WASHINGTON -- Hours after Jeurys Familia trudged off the mound with a game on the line, his boss untrusting of his ability to escape a bases-loaded jam against the Nationals, Mets general manager Sandy Alderson offered a scathing review of Familia's early-season performance."As of right now, do we have a
WASHINGTON -- Hours after Jeurys Familia trudged off the mound with a game on the line, his boss untrusting of his ability to escape a bases-loaded jam against the Nationals, Mets general manager Sandy Alderson offered a scathing review of Familia's early-season performance.
"As of right now, do we have a closer?" Alderson asked. "You tell me."
The implication was clear: Familia, like so many Mets, needed to be better. So it did not go unnoticed when Familia barreled through a perfect ninth inning Saturday at Nationals Park, earning his first save in the team's 5-3 victory.
"It was very important for a lot of reasons," manager Terry Collins said. "He went back out and pitched like we know he can. Certainly, we're very excited to get him on the right track."
When the Mets and their closer parted ways at the end of March, Familia looked unbeatable, running his sinker up to triple digits in Spring Training games. But when Familia returned from a 15-game suspension for violating Major League Baseball's joint domestic violence, sexual assault and child abuse policy, something was different. Familia wrestled with his control, walking six batters in 3 2/3 innings. He struggled to retire hitters. In turn, Collins lost confidence in Familia, replacing him with Josh Edgin in Friday's win over the Nationals.
Rarely has Collins had to consider such a move; postseason issues aside, Familia has been dominant throughout the past three regular seasons. He led baseball with 132 games finished from 2015-16, setting a Mets franchise record with 51 saves last year. Despite heavy usage, Familia had established himself as one of the game's best and most consistent closers.
So it was jarring to see Familia walk off the mound on Friday, the trust between him and his manager breached. He understood -- "This is part of the game," Familia said, noting that the Mets' six-game losing streak created a desperate situation for the team. But that doesn't mean he had to be happy about it.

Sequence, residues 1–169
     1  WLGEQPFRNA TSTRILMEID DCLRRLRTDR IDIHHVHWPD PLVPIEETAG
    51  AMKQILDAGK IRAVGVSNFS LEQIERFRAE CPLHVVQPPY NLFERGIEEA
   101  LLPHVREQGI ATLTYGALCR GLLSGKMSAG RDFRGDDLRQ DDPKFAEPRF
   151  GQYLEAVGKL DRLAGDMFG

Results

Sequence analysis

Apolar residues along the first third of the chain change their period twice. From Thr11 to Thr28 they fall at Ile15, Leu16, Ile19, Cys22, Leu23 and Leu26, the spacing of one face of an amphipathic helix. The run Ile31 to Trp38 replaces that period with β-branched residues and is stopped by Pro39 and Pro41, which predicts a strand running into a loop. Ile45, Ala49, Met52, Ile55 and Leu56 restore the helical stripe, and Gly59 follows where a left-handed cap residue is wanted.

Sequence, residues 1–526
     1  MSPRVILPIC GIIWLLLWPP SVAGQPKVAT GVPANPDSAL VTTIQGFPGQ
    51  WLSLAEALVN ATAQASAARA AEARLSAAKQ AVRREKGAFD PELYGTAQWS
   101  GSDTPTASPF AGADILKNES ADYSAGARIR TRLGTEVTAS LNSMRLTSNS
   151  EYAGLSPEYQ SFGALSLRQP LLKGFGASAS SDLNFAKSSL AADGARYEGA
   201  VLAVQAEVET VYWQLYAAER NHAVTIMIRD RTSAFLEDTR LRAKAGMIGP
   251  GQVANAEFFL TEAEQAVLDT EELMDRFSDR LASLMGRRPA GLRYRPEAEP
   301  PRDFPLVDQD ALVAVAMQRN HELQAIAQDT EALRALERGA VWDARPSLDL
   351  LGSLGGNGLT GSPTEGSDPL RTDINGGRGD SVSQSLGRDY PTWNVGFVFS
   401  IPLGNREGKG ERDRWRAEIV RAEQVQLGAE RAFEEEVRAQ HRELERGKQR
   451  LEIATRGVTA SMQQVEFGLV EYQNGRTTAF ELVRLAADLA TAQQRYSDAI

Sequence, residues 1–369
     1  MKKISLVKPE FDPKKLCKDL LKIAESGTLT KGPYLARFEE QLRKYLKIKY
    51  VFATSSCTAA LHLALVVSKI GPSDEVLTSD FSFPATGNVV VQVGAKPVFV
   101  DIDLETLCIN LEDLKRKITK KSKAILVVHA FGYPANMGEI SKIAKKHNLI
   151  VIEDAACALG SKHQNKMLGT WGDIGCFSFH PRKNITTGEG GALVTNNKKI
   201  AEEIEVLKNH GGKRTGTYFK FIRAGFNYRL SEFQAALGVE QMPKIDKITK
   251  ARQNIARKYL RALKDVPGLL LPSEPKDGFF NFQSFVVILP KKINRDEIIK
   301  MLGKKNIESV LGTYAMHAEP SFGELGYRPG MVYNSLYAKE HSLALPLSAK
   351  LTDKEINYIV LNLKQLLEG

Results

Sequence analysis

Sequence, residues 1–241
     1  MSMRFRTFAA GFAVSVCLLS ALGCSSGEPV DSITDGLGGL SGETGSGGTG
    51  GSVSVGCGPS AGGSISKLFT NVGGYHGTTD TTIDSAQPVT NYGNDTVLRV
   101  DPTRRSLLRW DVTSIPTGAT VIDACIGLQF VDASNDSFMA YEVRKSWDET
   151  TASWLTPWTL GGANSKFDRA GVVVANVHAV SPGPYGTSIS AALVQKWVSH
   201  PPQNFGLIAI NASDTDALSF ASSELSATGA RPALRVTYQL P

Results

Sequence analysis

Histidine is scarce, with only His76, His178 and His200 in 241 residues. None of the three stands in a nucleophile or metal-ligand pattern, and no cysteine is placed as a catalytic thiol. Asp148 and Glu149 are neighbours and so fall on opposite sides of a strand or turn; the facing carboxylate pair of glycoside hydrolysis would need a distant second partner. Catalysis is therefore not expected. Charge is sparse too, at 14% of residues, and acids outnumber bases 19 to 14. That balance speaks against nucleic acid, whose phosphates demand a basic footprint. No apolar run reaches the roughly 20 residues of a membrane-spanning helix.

Even when Familia and Collins spoke about the situation Saturday, both men knew words could only mean so much. So Collins made sure to back his up later in the day, turning to Familia in the ninth inning of a two-run game.
Once again leaning more heavily on his slider than his trademark sinker, Familia induced a flyout of Adam Lind and a groundout of Trea Turner, then whiffed Michael Taylor on an 88-mph slider to end the game.
"I felt great," Familia said. "I think today I felt the same as yesterday. Just today, I was able to throw my breaking balls for strikes. My sinker, I thought was the same."
If this is the start of a better run for Familia, it is coming at an important juncture. While Familia was suspended, the Mets leaned heavily on top setup men Addison Reed, Noel Salas and Jerry Blevins, resulting in unsustainable early workloads. Reed in particular has struggled of late, serving up a 470-foot Ryan Zimmerman homer on Saturday to push his ERA to 4.15.
Familia now has an opportunity to steady that group -- a bullpen that, earlier Saturday, Alderson called unsettled.
"I've been in that situation before," Familia said. "I know when I have a bad outing, I can forget it and come the next day with a different mind and be better. That's the only thing I can do: work hard and try to get my opportunity."
Anthony DiComo has covered the Mets for MLB.com since 2008. Follow him on Twitter @AnthonyDiComo and Facebook, and listen to his podcast.